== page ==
3) We will not work with a client who does not meet our standards of being an ethically run organization. We hate liars, spammers, users, and shady people. Dealing with those types of clients makes us feel so icky that bathing in champagne and $50 bills doesn’t remove the stink. No, thanks!

4) We will not compete on price. We’re certainly not the most expensive digital agency out there, but we’re also not the cheapest and we don’t want to be. We love creating great work, and great work deserves to be well and fairly paid.

5) Every project we do has to be interesting, in some way. Sure, this sounds a bit high-falutin’ at first, but think about it: we’re creative people. To do our best work we need to be engaged. For us to be engaged, there has to be something about the gig that’s interesting to us. We’re not clock-punchers, we’re not assembly line workers. There’s other, lesser digital agencies that fill that role. We’re artists and craftsmen.

6) Similarly, we understand that part of what makes us special is we’re constantly learning new things and finding ways to apply our knowledge to our clients to help them improve their businesses. Too many companies only care about this quarter’s bottom line, and have cut down or eliminated the ‘R” in R&D. Not us. Therefore, from this day forward I am implementing a program where everyone at PatrickOrtman, Inc. is to spend at least one full day a month working on something they want to work on that is not client-related. This could be as simple as adding a feature to a website CMS, figuring out a more efficient video production pipeline, shooting an experimental short film, learning a new technology that could be used with website design, or playing with some new features in Photoshop. The idea is, I want to encourage everyone here to do something creative and not directly client-related for at least one full day a month.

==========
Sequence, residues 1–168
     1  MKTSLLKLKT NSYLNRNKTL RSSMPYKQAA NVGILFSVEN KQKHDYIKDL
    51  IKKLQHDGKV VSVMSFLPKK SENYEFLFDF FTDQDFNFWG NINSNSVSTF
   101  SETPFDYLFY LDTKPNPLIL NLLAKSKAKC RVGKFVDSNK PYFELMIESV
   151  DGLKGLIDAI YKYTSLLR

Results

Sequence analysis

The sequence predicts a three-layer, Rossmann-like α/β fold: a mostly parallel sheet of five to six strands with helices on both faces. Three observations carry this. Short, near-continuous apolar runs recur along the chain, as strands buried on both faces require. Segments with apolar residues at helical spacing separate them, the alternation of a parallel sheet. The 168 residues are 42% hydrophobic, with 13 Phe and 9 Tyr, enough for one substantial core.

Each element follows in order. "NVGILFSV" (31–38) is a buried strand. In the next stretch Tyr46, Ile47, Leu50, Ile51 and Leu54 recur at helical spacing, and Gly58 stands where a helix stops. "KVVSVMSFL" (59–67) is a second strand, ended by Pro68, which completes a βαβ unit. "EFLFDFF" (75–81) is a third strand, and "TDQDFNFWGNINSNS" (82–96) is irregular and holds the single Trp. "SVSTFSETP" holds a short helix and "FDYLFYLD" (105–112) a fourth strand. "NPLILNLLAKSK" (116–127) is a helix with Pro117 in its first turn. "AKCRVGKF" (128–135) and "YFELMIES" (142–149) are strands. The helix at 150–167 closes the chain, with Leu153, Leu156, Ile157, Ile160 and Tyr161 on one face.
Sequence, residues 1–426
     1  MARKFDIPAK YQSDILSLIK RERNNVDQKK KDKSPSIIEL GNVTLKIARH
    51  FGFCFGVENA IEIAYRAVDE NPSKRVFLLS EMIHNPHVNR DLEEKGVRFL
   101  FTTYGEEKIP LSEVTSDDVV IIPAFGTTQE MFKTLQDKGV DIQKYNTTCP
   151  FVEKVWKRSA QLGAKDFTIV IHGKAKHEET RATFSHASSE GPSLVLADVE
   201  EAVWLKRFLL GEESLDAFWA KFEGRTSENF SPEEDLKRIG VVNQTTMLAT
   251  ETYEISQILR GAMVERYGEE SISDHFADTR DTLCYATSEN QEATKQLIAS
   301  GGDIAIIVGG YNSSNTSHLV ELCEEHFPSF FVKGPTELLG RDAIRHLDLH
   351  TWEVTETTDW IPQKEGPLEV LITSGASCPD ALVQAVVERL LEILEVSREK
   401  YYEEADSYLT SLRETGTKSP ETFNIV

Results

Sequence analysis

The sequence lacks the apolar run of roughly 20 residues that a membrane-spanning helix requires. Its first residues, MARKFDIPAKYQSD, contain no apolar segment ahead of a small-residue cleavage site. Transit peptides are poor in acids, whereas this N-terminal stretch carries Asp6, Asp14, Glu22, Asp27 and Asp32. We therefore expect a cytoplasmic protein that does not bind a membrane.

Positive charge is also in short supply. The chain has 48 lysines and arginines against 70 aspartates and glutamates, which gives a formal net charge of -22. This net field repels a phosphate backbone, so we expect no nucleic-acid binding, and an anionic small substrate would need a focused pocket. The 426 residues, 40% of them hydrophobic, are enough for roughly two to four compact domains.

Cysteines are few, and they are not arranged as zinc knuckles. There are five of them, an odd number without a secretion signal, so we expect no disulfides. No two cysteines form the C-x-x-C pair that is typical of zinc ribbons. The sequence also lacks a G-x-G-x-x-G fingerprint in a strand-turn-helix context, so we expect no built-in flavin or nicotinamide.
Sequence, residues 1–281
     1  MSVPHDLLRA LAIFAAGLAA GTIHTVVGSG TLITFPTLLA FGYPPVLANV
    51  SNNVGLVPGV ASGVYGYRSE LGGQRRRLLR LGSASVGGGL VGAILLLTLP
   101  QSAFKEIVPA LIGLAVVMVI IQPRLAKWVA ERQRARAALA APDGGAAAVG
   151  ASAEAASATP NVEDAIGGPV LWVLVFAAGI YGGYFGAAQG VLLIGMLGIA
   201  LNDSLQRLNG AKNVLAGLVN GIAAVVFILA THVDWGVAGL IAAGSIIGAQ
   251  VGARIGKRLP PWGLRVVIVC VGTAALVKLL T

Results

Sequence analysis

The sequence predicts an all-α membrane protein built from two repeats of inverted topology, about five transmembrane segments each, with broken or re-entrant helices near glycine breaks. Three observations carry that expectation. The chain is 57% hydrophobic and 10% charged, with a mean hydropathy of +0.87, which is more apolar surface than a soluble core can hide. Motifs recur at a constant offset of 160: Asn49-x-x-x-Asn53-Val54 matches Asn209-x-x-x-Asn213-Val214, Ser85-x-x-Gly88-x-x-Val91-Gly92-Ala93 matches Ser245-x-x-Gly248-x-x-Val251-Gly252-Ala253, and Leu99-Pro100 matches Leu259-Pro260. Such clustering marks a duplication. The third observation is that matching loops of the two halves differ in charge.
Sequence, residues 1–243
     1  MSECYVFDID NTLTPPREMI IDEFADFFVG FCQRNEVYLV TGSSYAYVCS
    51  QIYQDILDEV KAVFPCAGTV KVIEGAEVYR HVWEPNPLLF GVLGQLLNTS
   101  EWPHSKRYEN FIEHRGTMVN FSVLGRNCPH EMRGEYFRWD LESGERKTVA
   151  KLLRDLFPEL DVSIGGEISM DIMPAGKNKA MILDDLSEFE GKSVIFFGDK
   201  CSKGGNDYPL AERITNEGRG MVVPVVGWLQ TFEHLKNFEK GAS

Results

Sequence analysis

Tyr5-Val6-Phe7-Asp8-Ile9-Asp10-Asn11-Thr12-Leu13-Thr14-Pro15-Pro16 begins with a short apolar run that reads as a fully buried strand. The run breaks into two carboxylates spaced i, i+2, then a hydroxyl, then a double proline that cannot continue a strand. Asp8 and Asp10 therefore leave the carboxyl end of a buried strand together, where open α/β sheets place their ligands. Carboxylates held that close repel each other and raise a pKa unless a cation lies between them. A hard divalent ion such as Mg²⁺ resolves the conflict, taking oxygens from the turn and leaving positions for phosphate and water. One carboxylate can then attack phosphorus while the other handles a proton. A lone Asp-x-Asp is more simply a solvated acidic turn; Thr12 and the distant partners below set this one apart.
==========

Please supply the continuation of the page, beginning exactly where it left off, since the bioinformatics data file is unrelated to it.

Of course, everyone- myself included- has to present our findings/film/photos, or whatever at a company meeting the next week. The idea is to stretch, to grow. And to share that knowledge.

So, for now that’s my manifesto. I’m interested in any ways to grow this document and make it better, so if you have an idea- share!


Vlog Episode 7: On Social Media Marketing

Here’s one about the common mistakes that businesses and organizations make when they decide to start working with social media marketing. As with all of our vlog episodes, this one was shot and edited on an iPhone (alas, still a mere iPhone 3Gs, but soon to be an iPhone 4). This way, we’re able to give you a much more casual, immediate, conversational vibe than if we pulled out the big guns and lights and made a big production out of things. Enjoy!


Superhero Series- Perspective and Choosing Clients


There are many times when it’s important to focus, and I haven’t yet met a web designer or digital production person who was incapable of Yoda-like concentration and focus, when the situation demands.

But sometimes, it’s a bit easy to be so focused on the minutia that one can miss the bigger picture, and if you’re a boutique digital agency like we are, that can really hurt you. There are times when one needs a larger perspective, and this is particularly important when choosing a new client.

I know, I’m used to some static from web guys everywhere- “what do you mean, choosing a client? That’s a luxury most of us mortals don’t have! We take what we can get!” I hear you, I do. But every time I’ve believed that- that we needed to take what we can get- it’s bitten us in the butt. You’d think I’d have learned by now, but I’ll admit that even I sometimes forget that it’s important to be picky when you decide who to work with. Everyone needs a reminder, once in a while, I guess.

Here’s a few questions I like to ask myself and my team before we take on a new Read More »


Vlog Ep 5: How Do You Choose The Right Digital Agency?

Last weekend a client called us, they found out another digital agency had stolen our work for her company and was claiming it as their own. Uncool! Unfortunately, there’s a lot of unscrupulous web shops out there who are not honest. Here’s our CEO’s reaction to the situation:


Social Media Roundup! Memorial Day Edition

Hello all, I’m MK and welcome again to Friday! I always start my morning off the same way, checking out all the tech blogs, websites and twitter to see what’s trending.

Website Popularity

There’s one particular article I found very interesting- all about non-Google site statistics– and it was posted today on Mashable. The article shares the top 1,000 sites (according to Google’s AdPlanner) of the right-now. It’s no surprise Facebook came in at number one. What I found Read More »